Garden visiting takes on a whole new dimension with “Secret Gardens of the Cotswolds” - published this month by Frances Lincoln. This book will whet your appetite for some exquisite private gardens that you will only ever be lucky enough to see if you can get there on the rare days they open for charity. But this is the joy of this book because it takes you behind the scenes and shares the history, planting and feel of each unique landscape through Victoria Summerley’s pen and Hugo Rittson-Thomas’ eyes. 

Victoria Summerley has a relaxed writing style and draws you into every garden in the book. She makes no secret of her desire to look over the garden fence and her love of the Cotswolds. Fellow garden writers and Facebook followers will know we are friends and I make no secret of my admiration for the way she has approached her content. She applauds not just the owners, but also the people who make these gardens work – the stewards who care for them with their extensive knowledge and the gardeners who work there full time.

Hugo Rittson Thomas takes excellent pictures and has graced readers with views of his own garden – Walcot House – although sadly this is one of just six that NEVER open to the public.  Readers will have to live vicariously through his pictures and dream about this garden, which has shades of chateau-style grandeur combined with elements from the Garden of Cosmic Speculation, thanks to its impressive “mound”.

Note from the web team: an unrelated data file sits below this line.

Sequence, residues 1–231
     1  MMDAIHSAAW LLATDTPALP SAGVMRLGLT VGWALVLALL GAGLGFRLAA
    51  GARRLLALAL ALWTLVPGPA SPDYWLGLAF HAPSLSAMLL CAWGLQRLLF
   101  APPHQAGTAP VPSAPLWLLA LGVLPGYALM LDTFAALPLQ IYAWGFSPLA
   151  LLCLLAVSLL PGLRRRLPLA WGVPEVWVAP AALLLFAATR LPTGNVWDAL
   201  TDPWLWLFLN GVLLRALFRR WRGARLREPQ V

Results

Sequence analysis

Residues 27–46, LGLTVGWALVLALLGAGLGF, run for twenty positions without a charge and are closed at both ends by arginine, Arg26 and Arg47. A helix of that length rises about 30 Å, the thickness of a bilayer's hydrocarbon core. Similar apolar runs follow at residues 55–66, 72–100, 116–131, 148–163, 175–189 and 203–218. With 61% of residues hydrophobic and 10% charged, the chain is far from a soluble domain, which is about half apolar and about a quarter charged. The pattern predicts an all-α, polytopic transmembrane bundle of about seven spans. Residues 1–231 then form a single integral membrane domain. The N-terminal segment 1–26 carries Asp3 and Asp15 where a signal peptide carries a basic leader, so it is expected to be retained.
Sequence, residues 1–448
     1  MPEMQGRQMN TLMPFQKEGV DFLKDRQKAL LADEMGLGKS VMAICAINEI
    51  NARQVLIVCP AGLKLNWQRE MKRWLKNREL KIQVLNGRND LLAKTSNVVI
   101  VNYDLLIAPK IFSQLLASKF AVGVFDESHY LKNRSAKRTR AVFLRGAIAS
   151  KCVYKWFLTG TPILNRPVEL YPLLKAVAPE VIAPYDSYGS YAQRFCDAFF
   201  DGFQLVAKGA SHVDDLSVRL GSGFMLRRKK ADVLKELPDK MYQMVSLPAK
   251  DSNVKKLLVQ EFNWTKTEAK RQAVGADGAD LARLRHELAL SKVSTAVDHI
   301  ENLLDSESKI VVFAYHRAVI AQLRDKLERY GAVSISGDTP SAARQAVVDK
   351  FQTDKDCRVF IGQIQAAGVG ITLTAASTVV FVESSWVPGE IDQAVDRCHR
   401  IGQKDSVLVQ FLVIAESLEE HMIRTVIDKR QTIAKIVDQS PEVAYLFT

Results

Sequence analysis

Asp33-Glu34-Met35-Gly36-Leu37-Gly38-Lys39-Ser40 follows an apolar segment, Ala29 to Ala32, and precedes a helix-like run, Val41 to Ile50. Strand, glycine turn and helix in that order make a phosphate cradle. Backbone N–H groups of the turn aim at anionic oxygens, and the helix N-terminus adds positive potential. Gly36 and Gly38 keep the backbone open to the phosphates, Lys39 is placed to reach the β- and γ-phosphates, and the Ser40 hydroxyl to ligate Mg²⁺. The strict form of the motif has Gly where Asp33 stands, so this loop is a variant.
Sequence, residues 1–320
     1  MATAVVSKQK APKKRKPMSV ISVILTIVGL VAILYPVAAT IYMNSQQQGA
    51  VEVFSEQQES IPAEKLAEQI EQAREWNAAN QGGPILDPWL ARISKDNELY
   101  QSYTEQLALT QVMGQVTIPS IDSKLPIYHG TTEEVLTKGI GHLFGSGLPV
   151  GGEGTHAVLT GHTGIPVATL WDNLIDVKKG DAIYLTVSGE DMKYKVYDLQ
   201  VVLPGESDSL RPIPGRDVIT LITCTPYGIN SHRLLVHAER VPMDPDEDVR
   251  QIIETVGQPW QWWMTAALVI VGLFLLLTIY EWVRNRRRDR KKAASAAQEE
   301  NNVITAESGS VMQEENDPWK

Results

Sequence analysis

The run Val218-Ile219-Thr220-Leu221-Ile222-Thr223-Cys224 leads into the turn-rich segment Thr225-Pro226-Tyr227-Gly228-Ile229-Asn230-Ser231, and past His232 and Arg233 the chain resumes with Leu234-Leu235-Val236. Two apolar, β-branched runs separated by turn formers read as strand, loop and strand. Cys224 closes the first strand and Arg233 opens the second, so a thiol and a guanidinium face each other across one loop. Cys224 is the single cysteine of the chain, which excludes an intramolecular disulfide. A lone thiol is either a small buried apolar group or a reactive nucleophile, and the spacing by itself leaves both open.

I’ve visited five of  the featured gardens, Two are accessible to the public on a regular basis – Sezincote, near Moreton-in-Marsh, with its irresistible Moghul architecture, but so often overlooked by garden lovers en route to the big Cotswold crowd-pullers – and nearby Bourton House.  Asthall Manor, former home of the Mitford sisters, throws open its doors for a bi-annual sculpture exhibition; Colesbourne Park is about to unlock its gates for its world-renowned snowdrop displays; and Upton Wold is accessible to those who are prepared to join the elitist world of small, private garden tours. 

This is definitely a book to add to your garden library and UK readers can order it for the discounted price of £16.00 including P&P* (RRP £20), by telephoning 01903 828503 or by emailing mailorders@lbsltd.co.uk and quoting offer code APG281. *UK only - please add £2.50 if ordering from overseas.

It makes a good read, is well illustrated and leaves you feeling satisfied to have had an insight into the 20 unique properties within, even if you do have to accept that the chances of you gaining admittance to most of these plots requires incredible tenacity, or friends in the right places.

Sunday, 18 January 2015

A winter walk with John Brookes at Denmans and his thoughts on garden design

John Brookes, with his camera in the garden at Denmans today
What better way to spend a Sunday that with my dear friend John Brookes in the garden he has created over the last 30 years - Denmans - looking at what's already in bloom? John is remarkable - at 81 he is still designing gardens, both here and overseas, and apart from his own plot, near Chichester in Sussex, is best known for the Chicago Botanical Garden and numerous private gardens around the world. While we walked around his four-acre garden, which is already beginning to bloom, John talked to me about his design philosophy. 
John identified this as camellia "Adolphe Audusson"